TLT: Setting up Postgres with Django on Windows

So, it's been a while. I said it'd be every 2 days, and I lagged behind. Got a few things done over the past few days. I've decided to go with Postgres for Polydoo.com. Alright: Remember that these are supposed to be clear posts, very short, to the point, meant for quick use and my own review.  "TLT" stands for "The Little Things."

Why Postgres

  • Heard lots of undertones of disgust and "blahs" whenever SQLite3 was mentioned. Such reactions were usually followed by high praise for Postgres. The same conversational phenomenon occurred for Mongo. This is all with respect to Django use, by the way.
  • Supposedly an excessive amount of wiggle room in terms of customization. That includes function customization, extensions, and custom data types.
  • Nice error messages, unlike those of MySQL, apparently. Complaints about MySQL in this respect are common, if we're to compare the two technologies.
  • Built-in replication (one of its latest and greatest additions, apparently).
  • Strong community support.
  • Strong Python support.
  • PLV8 seems cool.
  • Schemaless SQL using hstore, anyone?

There are lots of intricate details I didn't go over purposely. Just kinda running through this.

Set Up Postgres on Windows

Download the appropriate Postgres installer for your environment. Find the downloads page here.

Use the installer to install Postgres.

Set Up Psycopg2

  1. Psycopg is going to be our path to Postgres freedom with Python. It seems to be the most common way to interact with Postgres.
  2. Go to your command prompt.
  3. If you have your environment variables set up nicely and can run things like pip and easy_install, that's good. If not, locate pip and do the following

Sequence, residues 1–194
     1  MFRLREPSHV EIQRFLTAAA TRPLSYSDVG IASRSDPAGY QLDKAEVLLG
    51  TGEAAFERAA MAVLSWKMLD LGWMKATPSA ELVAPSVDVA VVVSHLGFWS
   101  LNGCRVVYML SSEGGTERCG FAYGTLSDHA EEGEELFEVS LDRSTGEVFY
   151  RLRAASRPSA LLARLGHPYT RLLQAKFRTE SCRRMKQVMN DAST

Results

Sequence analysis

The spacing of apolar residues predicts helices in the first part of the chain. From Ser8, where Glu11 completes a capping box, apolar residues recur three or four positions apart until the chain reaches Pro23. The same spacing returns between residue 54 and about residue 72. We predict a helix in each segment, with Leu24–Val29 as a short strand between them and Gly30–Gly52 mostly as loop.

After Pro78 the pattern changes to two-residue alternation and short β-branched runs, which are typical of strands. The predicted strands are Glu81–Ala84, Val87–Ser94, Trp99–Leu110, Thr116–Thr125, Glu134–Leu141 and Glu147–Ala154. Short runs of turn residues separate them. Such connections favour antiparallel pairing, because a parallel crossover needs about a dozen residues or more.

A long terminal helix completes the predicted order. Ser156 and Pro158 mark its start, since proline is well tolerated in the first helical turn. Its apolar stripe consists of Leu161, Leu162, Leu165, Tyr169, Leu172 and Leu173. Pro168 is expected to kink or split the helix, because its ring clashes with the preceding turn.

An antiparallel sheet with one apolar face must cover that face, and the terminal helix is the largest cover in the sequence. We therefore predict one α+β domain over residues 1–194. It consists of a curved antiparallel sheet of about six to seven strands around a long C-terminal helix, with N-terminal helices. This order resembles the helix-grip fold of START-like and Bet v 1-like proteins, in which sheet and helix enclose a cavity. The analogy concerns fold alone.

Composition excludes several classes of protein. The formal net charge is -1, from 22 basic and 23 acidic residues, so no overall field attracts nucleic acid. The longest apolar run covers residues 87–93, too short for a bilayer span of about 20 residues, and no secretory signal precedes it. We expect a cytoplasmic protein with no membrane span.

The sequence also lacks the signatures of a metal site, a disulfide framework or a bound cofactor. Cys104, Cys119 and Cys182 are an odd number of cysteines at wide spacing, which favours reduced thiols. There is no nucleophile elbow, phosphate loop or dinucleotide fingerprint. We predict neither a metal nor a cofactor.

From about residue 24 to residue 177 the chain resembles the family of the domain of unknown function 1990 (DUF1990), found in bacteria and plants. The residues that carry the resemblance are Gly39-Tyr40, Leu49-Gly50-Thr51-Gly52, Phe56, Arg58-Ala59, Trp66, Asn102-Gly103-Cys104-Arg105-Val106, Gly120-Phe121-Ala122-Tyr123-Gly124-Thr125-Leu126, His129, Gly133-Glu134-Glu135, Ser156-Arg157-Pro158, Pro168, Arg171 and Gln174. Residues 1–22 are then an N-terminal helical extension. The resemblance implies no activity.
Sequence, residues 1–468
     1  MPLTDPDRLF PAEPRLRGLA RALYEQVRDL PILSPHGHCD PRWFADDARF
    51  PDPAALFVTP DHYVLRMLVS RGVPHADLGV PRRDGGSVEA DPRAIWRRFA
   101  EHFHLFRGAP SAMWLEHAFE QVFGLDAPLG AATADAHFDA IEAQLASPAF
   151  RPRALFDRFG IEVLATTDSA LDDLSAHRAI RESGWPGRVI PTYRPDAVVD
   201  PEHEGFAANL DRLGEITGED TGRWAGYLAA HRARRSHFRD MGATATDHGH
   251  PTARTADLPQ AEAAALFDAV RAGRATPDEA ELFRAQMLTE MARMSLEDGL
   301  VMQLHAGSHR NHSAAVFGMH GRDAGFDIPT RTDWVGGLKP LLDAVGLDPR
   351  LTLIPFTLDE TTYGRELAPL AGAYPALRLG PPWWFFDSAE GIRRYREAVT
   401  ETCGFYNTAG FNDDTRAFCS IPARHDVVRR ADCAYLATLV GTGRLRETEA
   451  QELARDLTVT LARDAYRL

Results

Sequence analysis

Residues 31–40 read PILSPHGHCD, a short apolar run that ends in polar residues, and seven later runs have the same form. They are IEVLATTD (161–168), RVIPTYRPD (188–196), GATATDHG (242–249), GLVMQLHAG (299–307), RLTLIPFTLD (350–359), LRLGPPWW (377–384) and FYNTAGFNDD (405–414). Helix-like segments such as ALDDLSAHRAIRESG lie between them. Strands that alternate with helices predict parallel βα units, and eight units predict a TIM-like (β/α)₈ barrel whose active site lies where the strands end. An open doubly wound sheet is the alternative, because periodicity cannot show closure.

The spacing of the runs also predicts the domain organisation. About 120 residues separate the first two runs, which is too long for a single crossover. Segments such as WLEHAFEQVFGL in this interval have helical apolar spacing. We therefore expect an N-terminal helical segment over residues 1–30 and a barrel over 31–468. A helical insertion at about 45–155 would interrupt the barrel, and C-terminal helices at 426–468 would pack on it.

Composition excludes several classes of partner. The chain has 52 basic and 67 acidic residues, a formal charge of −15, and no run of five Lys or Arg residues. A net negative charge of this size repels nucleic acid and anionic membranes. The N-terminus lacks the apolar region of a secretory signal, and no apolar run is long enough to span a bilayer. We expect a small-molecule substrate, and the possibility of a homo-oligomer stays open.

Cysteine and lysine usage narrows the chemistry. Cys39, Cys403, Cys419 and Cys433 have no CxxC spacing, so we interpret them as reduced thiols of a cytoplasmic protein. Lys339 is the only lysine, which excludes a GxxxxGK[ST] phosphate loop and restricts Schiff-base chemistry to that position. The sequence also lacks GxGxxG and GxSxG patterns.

pip install -U psycopg2

If that fails (it did for me), download the appropriate installer for your environment here.

4. Install psycopg2 using the installer. 

Prepare a New Postgres Database for Your Project

  1. Go to where Postgres was installed after installing with the Windows installer.
  2. Locate pgAdminIII. This is most likely something one could easily find in their start menu. Just look for it.
  3. Open pgAdminIII.
  4. Draw your attention to your current databases in the tree located on the right of your window. Look for "Databases." The icon looks like a stack of pancakes.
  5. Right-click "Databases."
  6. Click "New Database..."
  7. Think up some name for your database. This will be important for setting Postgres up with Django.
  8. The "Owner" field should be filled out with a username. It'll be used in conjunction with your master password (the one you were asked to establish during install) when you set up Django.
  9. Click "OK."

Set up your Django Environment for Working With Postgres

  1. Your Django project should already be started/created at this point. If not, go to your command prompt (I'm assuming you set your environment variables to work with Django natively) and type
 django-admin startproject some_project_name
  1. Go to your main project folder (a sub folder of your project folder; it contains settings.py).

  2. Locate settings.py and open it.

I'm only focused on hooking up the database. It's assumed you know how to set up everything else in your settings file.

Set up settings.py so that the database handling section (near the very beginning of the file) looks like this but with your own login credentials for the database:

DATABASES = {  
    'default': {
        'ENGINE': 'django.db.backends.postgresql_psycopg2', # Add 'postgresql_psycopg2', 'mysql', 'sqlite3' or 'oracle'.
        'NAME': 'testdb',                      # Or path to database file if using sqlite3.
        'USER': 'postgres',                      # Not used with sqlite3.
        'PASSWORD': 'foobarguy',                  # Not used with sqlite3.
        'HOST': 'localhost',                      # Set to empty string for localhost. Not used with sqlite3.
        'PORT': '5432',                      # Set to empty string for default. Not used with sqlite3.
    }
}

Success

Save settings.py after you've done all of the configuration. You should be able to use Postgres with Django now.

 

I love you, Renee. I love you so much. In everything I do.

Greg

Software Engineer

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